Additionally, subsequent runs should be performed by clearing the artifacts prior to invoking the Echidna. Since we will be experimenting with the fuzzer, it is good to clear compiled files to reflect the latest changes each time.

rm -rf artifacts/ && echidna-test . --contract EchidnaTemplate --config config.yaml

Wait for a moment before running to properly fill the Template.sol, which is described in a later paragraph, as running it so far will do nothing because our test cases are empty. In the following listings, we will present the updated content of the Template.sol testcase. Keep in mind that other files stay the same.

The very basic testcase:

contracts/Template.sol:

pragma solidity ^0.8.17;


import "./VulnerableBank.sol";
import "@openzeppelin/contracts/token/ERC20/ERC20.sol";


contract DummyERC20 is ERC20 {


    constructor(string memory _name, string memory _symbol) ERC20(_name, _symbol) {}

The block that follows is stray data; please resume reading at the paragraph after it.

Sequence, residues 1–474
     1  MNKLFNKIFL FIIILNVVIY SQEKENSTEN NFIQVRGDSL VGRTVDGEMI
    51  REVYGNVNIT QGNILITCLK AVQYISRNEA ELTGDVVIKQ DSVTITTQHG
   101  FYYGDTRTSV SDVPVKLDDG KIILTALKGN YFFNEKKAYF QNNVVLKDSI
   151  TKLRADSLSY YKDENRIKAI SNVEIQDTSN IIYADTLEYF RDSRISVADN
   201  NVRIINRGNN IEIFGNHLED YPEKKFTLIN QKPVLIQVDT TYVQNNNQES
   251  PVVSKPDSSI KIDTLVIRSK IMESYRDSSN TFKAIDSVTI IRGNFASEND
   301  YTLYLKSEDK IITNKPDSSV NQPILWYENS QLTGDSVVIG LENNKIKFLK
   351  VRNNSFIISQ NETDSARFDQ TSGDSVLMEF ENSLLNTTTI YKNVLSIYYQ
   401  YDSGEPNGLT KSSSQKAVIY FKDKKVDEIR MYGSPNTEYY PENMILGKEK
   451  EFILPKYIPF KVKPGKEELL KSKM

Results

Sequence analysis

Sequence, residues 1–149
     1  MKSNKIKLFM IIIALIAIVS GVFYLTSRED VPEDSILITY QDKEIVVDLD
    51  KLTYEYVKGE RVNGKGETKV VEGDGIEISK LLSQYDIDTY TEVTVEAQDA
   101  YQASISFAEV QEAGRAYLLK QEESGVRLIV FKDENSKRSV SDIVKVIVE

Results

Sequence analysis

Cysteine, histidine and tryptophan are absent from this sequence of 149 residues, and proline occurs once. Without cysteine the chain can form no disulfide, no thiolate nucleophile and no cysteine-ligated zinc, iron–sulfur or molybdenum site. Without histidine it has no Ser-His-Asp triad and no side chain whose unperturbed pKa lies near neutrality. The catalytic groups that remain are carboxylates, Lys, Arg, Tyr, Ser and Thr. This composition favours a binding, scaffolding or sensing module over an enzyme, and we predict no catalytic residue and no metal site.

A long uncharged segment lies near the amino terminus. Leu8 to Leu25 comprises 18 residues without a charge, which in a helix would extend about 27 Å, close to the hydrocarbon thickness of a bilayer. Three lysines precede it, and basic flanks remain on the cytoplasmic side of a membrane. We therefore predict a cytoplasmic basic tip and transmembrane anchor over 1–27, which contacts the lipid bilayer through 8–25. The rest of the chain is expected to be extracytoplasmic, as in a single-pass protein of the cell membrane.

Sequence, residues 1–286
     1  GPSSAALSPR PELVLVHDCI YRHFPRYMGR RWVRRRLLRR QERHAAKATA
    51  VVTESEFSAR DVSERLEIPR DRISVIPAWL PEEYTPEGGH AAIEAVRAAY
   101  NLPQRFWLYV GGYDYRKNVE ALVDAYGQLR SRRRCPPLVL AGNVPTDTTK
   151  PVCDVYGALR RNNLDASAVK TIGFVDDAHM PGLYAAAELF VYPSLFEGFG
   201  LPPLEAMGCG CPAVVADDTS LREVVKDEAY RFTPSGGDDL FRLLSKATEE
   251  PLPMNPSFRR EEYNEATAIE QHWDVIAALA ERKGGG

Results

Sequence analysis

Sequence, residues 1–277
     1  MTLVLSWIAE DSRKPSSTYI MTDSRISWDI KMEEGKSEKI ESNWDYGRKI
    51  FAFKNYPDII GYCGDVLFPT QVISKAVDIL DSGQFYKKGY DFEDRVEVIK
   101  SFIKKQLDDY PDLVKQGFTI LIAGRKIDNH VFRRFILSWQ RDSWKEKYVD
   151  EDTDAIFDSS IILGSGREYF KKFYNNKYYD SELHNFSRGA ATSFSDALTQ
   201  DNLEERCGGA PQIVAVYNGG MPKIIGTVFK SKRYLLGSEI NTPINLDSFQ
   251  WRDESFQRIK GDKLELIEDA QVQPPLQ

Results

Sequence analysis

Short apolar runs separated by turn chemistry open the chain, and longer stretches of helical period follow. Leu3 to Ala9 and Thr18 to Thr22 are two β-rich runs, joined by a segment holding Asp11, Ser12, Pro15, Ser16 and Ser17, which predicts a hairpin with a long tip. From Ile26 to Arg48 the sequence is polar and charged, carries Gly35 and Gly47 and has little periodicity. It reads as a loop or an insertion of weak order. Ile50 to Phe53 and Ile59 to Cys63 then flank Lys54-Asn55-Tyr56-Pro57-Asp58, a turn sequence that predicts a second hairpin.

function mint(address _to, uint256 _amount) external {
        _mint(_to, _amount);
    }
}


contract EchidnaTemplate {


    VulnerableBank vulnerableBankContract;
    DummyERC20 vulnerableCurrency;


    constructor() {
        vulnerableCurrency = new DummyERC20("VulnCoin", "VC");
        vulnerableCurrency.mint(address(this), type(uint128).max);
        vulnerableBankContract = new VulnerableBank(address(vulnerableCurrency));
    }




    function testDeposit(uint256 amount) public {
        //testcase here
        //assert(1 == 1);
        //assert(amount != 1337);
    }


    function testWithdraw(uint256 amount) public {
        //testcase here


        //assert(amount != 1337);
        //assert(1 == 2);
        //assert(1 == 1);